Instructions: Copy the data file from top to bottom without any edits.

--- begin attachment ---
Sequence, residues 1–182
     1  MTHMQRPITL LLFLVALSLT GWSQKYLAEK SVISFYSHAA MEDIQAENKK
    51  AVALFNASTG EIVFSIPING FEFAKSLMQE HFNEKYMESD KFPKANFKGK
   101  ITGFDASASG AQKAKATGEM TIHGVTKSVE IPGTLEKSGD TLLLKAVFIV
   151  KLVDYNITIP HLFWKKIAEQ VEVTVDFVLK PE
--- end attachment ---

Sequence, residues 1–182
     1  MTHMQRPITL LLFLVALSLT GWSQKYLAEK SVISFYSHAA MEDIQAENKK
    51  AVALFNASTG EIVFSIPING FEFAKSLMQE HFNEKYMESD KFPKANFKGK
   101  ITGFDASASG AQKAKATGEM TIHGVTKSVE IPGTLEKSGD TLLLKAVFIV
   151  KLVDYNITIP HLFWKKIAEQ VEVTVDFVLK PE